I’ve been riding since 2006, touring since 2008 and racing since 2015. I’m setting out to ride the first 300 miles of the Arizona Trail on Christmas Eve for the Festive 500 on my Stumpjumper.

Specialized Stumpjumper Carbon Comp

As part of the Festive 500, I’ll ride the first 300 miles of the Arizona Trail on the Specialized Stumpjumper starting December 24.

Specialized Epic Hardtail Pro

In June 2018, I got second overall in the Navad 1000 in Switzerland– 1000 kilometers with 30,000 meters of climbing through the Alps on the Specialized Epic HT. Customizations include Hope components, Revelate Designs luggage, dynamo lighting (SP hub and Sinewave Cycles Beacon) and Ergon GP2 grips. In August, I modified the bike with a Lauf Trail Racer fork and aerobars to race the French Divide.

S-Works Tarmac

In January 2018, I flew to Specialized HQ in Morgan Hill, CA, picked up a Specialized Tarmac, got a professional bike fit and rode it 1,000 miles back to Tucson. In March 2018, I rode up the 6700′ Mt Lemon Highway every day for a week.

Specialized Diverge

In the summer of 2017, I rode all of the major roads in Alaska on a Specialized Diverge. The terrain was a 60/40 mix of pavement and dirt for 4,500 miles. I completed this project in a series of rides over 3 months. In the spring of 2018, I hosted the Lael Rides Alaska Women’s Scholarship where the winner received a Diverge to ride her own 1,000 mile Alaskan adventure. I also ride the Diverge for guiding endurance gravel camps for The Cyclist’s Menu in Southern Arizona.

Specialized Fuse

Nicholas Carman1-7

I rode a Specialized Fuse with a 130mm RockShox Pike fork and 27.5+ wheels on the Colorado Trail, the Reno-Vegas route and assorted rides through California. In January 2017, I switched the Pike for a Lauf Trail Racer fork for a tour down the Baja Divide. In March, I rebuilt the Fuse with a 100mm RockShox SID and 29×2.6″ wheels for my Baja Divide FKT.

Specialized Ruby Pro Disc UDi2

Nicholas Carman1-71

In 2016, I won the Trans Am Bike Race on this Specialized Ruby Expert. I also toured from Anchorage, Alaska to the start of the race in Astoria, Oregon and toured after the race in Connecticut, Vermont, New York and Montana. Customizations include Roval CLX64 tubeless wheels with an SP dynamo hub, K-lite dynamo lighting, custom Revelate Designs luggage and aerobars.

Specialized Fatboy Expert

Nicholas Carman1-6128

I raced and toured the White Mountains 100 on the Specialized Fatboy Expert as well as winter touring around Alaska and single-track riding in Anchorage.

Advocate Cycles Hayduke

Nicholas Carman1-5800

I rode the Advocate Cycles Hayduke for the investigation of the Baja Divide in the winter and spring of 2016. In the fall of 2016, I hosted the Lael’s Globe of Adventure Baja Divide Women’s Scholarship where the winner received an Advocate Hayduke to ride the 1700 mile Baja Divide.

Specialized Era Expert

Nicholas Carman1-5321

I rode a Specialized Era Expert on the Arizona Trail in 2015. Nicholas and I toured the route before I attempted an ITT along the AZT750.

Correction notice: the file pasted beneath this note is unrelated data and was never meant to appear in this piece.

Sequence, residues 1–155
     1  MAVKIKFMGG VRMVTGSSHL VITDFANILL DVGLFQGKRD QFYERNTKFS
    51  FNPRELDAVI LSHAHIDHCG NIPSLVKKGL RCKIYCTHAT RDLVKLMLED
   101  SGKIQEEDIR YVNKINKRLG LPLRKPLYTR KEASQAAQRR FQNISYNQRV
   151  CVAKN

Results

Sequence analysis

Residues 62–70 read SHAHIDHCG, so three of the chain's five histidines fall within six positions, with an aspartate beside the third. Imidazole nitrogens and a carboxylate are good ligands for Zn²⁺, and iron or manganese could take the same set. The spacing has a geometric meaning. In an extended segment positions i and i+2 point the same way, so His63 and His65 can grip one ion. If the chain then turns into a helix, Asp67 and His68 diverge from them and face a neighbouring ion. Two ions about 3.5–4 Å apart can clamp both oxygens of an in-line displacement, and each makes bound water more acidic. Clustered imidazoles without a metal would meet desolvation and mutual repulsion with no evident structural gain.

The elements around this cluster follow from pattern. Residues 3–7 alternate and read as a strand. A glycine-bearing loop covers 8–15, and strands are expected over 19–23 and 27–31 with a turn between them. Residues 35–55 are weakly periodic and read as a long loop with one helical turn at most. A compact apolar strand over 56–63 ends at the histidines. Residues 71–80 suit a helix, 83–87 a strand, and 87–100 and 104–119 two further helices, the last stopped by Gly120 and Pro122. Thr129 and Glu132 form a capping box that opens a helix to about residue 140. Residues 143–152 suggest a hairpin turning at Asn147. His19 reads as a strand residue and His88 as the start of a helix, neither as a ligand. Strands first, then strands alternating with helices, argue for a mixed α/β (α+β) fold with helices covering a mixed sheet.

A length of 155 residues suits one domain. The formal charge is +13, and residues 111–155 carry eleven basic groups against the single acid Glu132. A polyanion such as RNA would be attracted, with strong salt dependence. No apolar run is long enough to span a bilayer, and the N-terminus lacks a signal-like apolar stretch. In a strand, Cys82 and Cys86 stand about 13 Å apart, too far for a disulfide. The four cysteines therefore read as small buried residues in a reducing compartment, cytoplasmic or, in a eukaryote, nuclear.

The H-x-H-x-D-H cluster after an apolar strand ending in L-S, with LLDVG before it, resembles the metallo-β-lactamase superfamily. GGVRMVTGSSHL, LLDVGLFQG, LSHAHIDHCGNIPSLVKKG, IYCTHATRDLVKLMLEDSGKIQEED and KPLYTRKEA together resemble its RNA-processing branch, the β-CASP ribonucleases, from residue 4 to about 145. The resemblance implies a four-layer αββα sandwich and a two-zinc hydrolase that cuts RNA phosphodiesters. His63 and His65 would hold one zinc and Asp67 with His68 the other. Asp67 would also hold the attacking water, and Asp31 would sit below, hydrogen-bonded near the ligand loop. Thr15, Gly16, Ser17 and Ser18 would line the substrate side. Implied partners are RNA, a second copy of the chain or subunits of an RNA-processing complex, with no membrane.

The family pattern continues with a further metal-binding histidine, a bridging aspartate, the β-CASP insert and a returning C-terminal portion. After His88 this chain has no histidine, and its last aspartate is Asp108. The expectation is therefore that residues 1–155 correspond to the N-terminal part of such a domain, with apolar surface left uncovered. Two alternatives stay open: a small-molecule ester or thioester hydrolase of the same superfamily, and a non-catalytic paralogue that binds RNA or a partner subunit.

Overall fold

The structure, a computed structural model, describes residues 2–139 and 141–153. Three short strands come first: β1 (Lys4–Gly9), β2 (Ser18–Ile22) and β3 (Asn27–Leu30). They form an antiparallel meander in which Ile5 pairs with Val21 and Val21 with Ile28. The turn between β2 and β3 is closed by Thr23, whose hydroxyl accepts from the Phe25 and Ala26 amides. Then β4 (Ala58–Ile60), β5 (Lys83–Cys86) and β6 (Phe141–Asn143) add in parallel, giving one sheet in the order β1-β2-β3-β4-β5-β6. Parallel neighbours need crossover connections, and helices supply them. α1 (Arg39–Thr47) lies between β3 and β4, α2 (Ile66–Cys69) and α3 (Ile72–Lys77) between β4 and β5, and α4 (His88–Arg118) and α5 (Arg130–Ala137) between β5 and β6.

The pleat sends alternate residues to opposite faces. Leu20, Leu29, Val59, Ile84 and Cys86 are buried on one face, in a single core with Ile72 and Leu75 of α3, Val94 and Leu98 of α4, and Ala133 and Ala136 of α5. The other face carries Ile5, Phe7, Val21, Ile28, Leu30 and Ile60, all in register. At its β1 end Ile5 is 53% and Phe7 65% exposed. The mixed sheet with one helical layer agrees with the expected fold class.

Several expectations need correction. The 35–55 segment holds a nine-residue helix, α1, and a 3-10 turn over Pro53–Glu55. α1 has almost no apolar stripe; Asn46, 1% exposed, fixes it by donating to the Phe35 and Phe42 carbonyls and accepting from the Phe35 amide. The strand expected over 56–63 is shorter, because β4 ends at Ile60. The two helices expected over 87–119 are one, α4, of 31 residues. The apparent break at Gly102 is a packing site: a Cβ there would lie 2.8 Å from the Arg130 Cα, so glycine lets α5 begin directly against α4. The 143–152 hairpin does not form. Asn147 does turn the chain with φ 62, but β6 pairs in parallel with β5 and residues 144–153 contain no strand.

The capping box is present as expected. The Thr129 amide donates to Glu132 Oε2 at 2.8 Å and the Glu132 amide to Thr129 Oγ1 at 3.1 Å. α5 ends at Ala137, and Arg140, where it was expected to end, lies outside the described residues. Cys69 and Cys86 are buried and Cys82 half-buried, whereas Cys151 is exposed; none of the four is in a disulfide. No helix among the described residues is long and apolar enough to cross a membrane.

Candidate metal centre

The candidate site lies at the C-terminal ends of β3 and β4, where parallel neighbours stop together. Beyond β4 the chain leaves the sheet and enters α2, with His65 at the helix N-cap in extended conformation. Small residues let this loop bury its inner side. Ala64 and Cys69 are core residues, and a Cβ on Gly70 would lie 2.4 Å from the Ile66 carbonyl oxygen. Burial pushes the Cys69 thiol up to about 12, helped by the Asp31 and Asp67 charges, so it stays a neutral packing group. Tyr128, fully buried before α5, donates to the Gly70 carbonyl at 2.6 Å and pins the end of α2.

Specialized Stumpjumper Expert Carbon 29 World Cup


Returning to Alaska after ten months of touring in Eastern Europe, South Africa, and the Middle East, Nicholas and I built this bike for me to race the Tour Divide. I rode from Alaska to the start of the race in Banff, AB and established a new women’s record, finishing in 17 days 1 hour and 51 minutes. But on that ride I got sick and had to go to the hospital, and I knew I could do better. Later that summer, I rode to Banff again and challenged the record on my own, finishing in 15 hours 10 hours and 59 minutes.

We modified this bike with a rigid carbon Chisel fork, Profile Designs aero bars, an SP Dynamo and Supernova lighting. We installed a 36T chainring and more durable tires (29×2.2″ Specialized Fast Trak Grid/29×2.35″ Schwalbe Racing Ralph Snakeskin).

Nicholas Carman1-4986

Raleigh XXIX

Nicholas Carman1-4275

I toured on the Raleigh XXIX from 2012-2015, using it for the Colorado Trail, the Arizona Trail and dirt tours in Europe, South Africa and the Middle East. When I got a new bike, I gave the Raleigh to my friend James in Flagstaff, Arizona.


Salsa Mukluk 3


I rode the Salsa Mukluk 3 in Alaska for the winter of 2013-2014.

Cannondale Hooligan


I toured on the Cannonade Hooligan in Europe for the summer of 2012 and used it for commuting around Albuquerque in 2013. I loved this bike because I could pack it into a bag and take it on an airplane free of charge. I gave the Hooligan to my friend Jacquie to take to South America.


Surly Pugsley


I rode the Surley Pugsley in Alaska for the winter of 2011-2012. It was the winter that set the snow record and my first experience riding a fatbike.

Surly Long Haul Trucker


I toured on the LHT from 2009-2011 in the US, Canada, Mexico and Europe. After our first trip riding down the east coast in 2008, I traded my 1982 Bianchi road bike towards credit for an LHT because I wanted to be able to carry more gear. When I got into mountain biking, I gave the LHT to Deja in Flagstaff, Arizona.

45 thoughts on “Bikes

  1. Ian says:

    Hi. I noticed that you mostly have straight handlebars with little back sweep paired with short stems on the mountain bikes you rode. How does this affect your hands and arms during very long rides?